Grosjean Questioning Whether Haas Needs Qualifying 3 In Sochi For Points Finish

by Aaron Gillard
Romain Grosjean - Haas F1 - Paddock

Haas F1 Team‘s Romain Grosjean is questioning whether is it worth getting into Qualifying 3 at the Russian Grand Prix, due to the team’s lack of performance staring on the Hypersoft tyre at the previous race in Singapore.

The Singapore Grand Prix saw Romain Grosjean suffer a difficult race after qualifying in the top ten. The Frenchman got in trouble during the race with Sergey Sirotkin for ignoring blue flags, which he was handed penalty points on his licence. Grosjean is now three points away from a twelve month period to getting a one race ban.

Grosjean felt in Singapore that it was a disadvantage qualifying into Q3 due to starting on the Hypersoft tyres. Pirelli is set to bring the same tyre compounds from the last race in Singapore to Russia.

The Frenchman says that the team will have to see how well the Hypersoft tyres will do and whether it is worth going into Q3 in Russia.

“I think we had good pace, which we showed in qualifying. We had good pace on every compound,” said Grosjean.

“Saying that, the problem in Singapore was qualifying in the top-10 with the hypersoft, which didn’t last very long in the race compared to the ultrasoft and the softs. It made the strategy very complicated. In Sochi, we’ll need to see how the hypersoft performs.

“It’s a really good tyre on one lap, but what’s the tyre life? We’ll need to decide if we want to go through to Q3 in qualifying, or if there’s anything we should do differently. You don’t want to be qualifying in the top-10 and then not have a chance to score points in the race.”

Despite the bad result, the Frenchman believes the car worked well at the Marina Bay Street Circuit and is encouraged Haas will perform well in Sochi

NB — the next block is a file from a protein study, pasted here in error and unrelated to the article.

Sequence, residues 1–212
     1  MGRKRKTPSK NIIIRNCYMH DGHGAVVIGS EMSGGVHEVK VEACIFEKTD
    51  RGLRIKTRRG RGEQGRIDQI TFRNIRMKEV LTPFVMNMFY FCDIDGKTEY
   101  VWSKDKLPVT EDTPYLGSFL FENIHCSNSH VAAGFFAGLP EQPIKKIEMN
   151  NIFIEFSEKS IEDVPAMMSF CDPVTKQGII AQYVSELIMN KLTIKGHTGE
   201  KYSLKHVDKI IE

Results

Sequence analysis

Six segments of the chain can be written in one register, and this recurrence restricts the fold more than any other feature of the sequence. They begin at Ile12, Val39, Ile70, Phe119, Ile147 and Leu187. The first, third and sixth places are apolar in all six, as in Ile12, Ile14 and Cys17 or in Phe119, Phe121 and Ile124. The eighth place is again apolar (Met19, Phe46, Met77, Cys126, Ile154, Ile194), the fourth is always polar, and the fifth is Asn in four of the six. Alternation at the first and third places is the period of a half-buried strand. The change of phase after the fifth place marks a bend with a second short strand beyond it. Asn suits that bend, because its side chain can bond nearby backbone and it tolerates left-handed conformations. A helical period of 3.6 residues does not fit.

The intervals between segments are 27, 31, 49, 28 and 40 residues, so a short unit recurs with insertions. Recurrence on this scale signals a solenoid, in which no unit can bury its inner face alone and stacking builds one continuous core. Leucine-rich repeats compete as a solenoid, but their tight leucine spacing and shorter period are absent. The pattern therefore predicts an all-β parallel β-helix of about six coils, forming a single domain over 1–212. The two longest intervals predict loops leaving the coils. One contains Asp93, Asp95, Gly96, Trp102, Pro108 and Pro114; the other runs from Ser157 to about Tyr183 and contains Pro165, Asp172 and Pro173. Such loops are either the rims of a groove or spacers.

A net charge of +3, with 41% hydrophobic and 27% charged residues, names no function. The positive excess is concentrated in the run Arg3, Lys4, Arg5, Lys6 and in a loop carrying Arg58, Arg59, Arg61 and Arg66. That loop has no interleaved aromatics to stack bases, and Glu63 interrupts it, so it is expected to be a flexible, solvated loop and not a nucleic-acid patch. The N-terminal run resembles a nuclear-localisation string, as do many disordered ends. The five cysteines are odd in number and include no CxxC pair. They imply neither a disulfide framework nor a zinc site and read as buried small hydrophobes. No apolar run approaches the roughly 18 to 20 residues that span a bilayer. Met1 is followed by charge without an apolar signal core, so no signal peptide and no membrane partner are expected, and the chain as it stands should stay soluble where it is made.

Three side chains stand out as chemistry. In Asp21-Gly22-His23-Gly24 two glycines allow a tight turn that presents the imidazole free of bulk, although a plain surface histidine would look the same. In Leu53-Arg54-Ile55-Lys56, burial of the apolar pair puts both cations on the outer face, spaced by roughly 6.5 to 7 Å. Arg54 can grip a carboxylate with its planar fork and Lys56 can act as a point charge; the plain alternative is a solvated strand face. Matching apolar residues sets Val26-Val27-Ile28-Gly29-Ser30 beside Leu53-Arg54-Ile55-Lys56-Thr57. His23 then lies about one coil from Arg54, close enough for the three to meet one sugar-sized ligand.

“In Singapore we qualified eighth, almost best of the rest. I think the car worked very well, which is very encouraging after a difficult Monaco.

“Sochi should be a good track for us. It’s key to get the tires to work in Russia, and that’s something we haven’t done very well in the past. I’m sure this year we’re going to be much better. I’m very much looking forward to getting there and enjoying it.”

Haas are currently battling for fourth place in the constructors’ championship with multiple midfield teams. Renault Sport Formula One Team are in fourth ahead of the American team after collecting strong point finishes in Singapore.

Grosjean says the battle for fourth between Renault, Haas, McLaren F1 Team and Racing Point Force India F1 Team is an interesting and exciting battle to be apart of.

“It’s very exciting, very interesting. A lot can happen. It’s very open,” commented the French driver.

“I think it’s going to go until the end of the year. It’s great fun. We’re going to do everything we can to definitely get that fourth position in the constructors’ championship.”

The Sochi Autodrom is a circuit known for some complex and interesting corners that bring a unique character in a lap. The heavy braking zone of Turn 2 leads into a fast and long Turn 3, where the drivers’ physicality will be tested.

The long straight leading into Turn 14 is notorious for being a DRS zone and for having a kink that leads into the heavy braking zone, which can caught a driver out. Grosjean says that area of the circuit will be a challenge due to the G-forces they’ll be suffering when going into the section.

“You’re braking with g-forces then going underneath the bridge. It’s very twisty and the tyres are having a tough time around there. That’s where you really need to get a good balance.”

One unique setting of the circuit in Sochi is that it is set within the Sochi Olympic Park, home of the 2014 Sochi Winter Olympic Games. Venues that hosted the events are located around the circuit, which includes the football stadium that hosted games for the 2018 World Cup.

Grosjean’s grandfather, Fernand Grosjean competed in the Olympics as a Skier in the 1948 and 1952 Winter Olympics, which Romain himself says it’s always a pleasure to see where the flame has been.

“I do follow the Olympics. My grandfather competed twice in the Olympic Games as a skier. The Olympics are something very important to my family. It’s always a pleasure to see where the flame is and sharing in that spirit.”

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